Configuring a Site-Level NAT Policy

This article discusses how to use the NAT page to manage and prioritize traffic in your account.

Overview

There are many challenges facing organizations that want to translate their network traffic while still maintaining accessibility to all of their relevant resources. Especially when you need to communicate between private networks that might work with the same private IP ranges. In addition, you might have resources whose structure or topology you don’t want to expose, in which case, you can use NAT to make the traffic appear as if traffic comes from a certain IP address.

Alternatively, you might need to offer remote access to internal services such as web or file servers. You can provide one public IP address that is then converted to a different internal IP address or addresses.

Cato lets you to create a site-specific NAT policy to match specific source and destination IPs, and apply both source and destination NAT (SNAT and DNAT, respectively) for outgoing traffic (from the Cato Cloud towards the site).

Site-NAT-Architecture.png

The NAT policy is applied to incoming traffic for the site on which the policy is configured.

 

NAT Policy Use Cases

The following section presents two example uses cases for SNAT and DNAT. The example below shows the rulebase for these use cases.

Site-NAT-Policy.png

SNAT Use Case

In this scenario, you have a group of IT admins connected via an SDP Client. They need to access a resource belonging to a 3rd party, for example, a ticketing system, located behind an IPsec site elsewhere in the company.

The third party requires you to communicate using a specific IP address, e.g. 192.151.100.10. The original source IP (that belongs to the IT admins group) will be blocked from communicating.

To solve this, you can create a NAT policy rule for connections whose original source IP is the admins in a specific group. When trying to access the ticketing system, you apply Source NAT on the admin IP address to translate to 192.151.100.10, which ensures that the IT admin can communicate with the 3rd party server.

DNAT Use Case

In this scenario, you have multiple hosts from different groups sending traffic to one IP address. These machines all send their packets to a single network address, e.g. 203.0.113.96.

To make sure that you maintain optimal performance across your network, you can create several DNAT rules to direct traffic to different servers based on the source IP address and the traffic type:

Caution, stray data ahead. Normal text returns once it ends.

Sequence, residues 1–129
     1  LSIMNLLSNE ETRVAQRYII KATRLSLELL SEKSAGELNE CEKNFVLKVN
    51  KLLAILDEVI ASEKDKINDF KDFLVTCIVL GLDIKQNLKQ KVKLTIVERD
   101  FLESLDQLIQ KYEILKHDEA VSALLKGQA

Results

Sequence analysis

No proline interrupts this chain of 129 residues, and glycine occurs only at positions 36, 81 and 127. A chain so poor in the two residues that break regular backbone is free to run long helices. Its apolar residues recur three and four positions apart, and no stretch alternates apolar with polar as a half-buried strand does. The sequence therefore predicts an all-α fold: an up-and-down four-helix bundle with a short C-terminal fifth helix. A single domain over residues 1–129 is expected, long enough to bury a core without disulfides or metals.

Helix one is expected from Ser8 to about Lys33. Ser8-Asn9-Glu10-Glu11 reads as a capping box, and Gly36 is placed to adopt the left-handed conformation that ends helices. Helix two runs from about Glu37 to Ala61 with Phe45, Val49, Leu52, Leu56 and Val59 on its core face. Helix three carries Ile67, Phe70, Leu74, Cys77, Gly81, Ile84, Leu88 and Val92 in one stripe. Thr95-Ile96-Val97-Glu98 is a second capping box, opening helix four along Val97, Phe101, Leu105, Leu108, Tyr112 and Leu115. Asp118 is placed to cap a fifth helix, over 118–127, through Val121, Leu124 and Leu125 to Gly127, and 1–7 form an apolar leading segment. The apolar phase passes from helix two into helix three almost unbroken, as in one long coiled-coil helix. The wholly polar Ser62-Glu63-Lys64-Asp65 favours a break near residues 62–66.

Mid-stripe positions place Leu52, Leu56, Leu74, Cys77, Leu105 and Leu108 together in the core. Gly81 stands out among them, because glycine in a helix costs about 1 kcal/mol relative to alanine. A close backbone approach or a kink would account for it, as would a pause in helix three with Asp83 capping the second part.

• Traffic from VLAN1 to 203.0.113.96 is sent to 10.10.10.5

  • Traffic from Finance to 203.0.113.96, is sent to 10.10.10.25

  • Traffic from Procurement to 203.0.113.96, is sent to 10.10.10.65

This enables you to add more machines to the respective groups without having to change your configuration, while also efficiently managing traffic to a single IP address.

Working with the NAT Rulebase

The NAT policy uses ordered rules. A packet arrives and is checked against the rules. Once a rule is matched, an action is applied and none of the other rules are processed.

For example, if a connection matches rule #3, the action is applied to the connection and all the sequential rules are ignored. If a connection doesn’t match any rule, it is processed with the original data.

Configuring the NAT Policy

This section explains how to define rules for NAT and the objects, ports, and services that you can configure.

Defining NAT Rules

Create a NAT rule and configure the settings for the rule to manage routing for the LAN traffic.

NAT policy rules are applied to a site within approximately one minute.

To define a NAT rule:

  1. From the navigation menu for a site, click NAT under Site Settings.

    Note

    Note: If you do not see NAT policy in your menu and would like to enable it, contact your account representative or Customer Support.

  2. Click New. The Add NAT Rule panel opens.

  3. From the General section, configure the following settings for the rule:

    • Enter the Name for the rule.

    • Enable or disable the rule using the slide (green is enabled, grey is disabled).

    • Configure the Rule Order. Define a higher number for more specific rules and a lower number for less specific rules.

  4. Configure the Original Source IP settings.

    • Select IP Range or Any.

      IP range can be a single IP address or a range of addresses. You can create multiple entries.

  5. Configure the Original Destination IP and Port/Protocol settings:

    • Under Destination IP, select IP range or Any.

      IP range can be a single IP address or a range of addresses. You can create multiple entries.

    • Under Destination Port/Protocol, define the protocol and port using the format protocol/port:

      For example, TCP/80, UDP/53, TCP/443

  6. Under NAT Action, determine whether to change the source or destination NAT. You can change both the source and destination, but you can't keep both original addresses.

  7. Click Apply, and then click Save.

    The rule is added to the table.

Was this article helpful?

1 out of 1 found this helpful

0 comments

Add your comment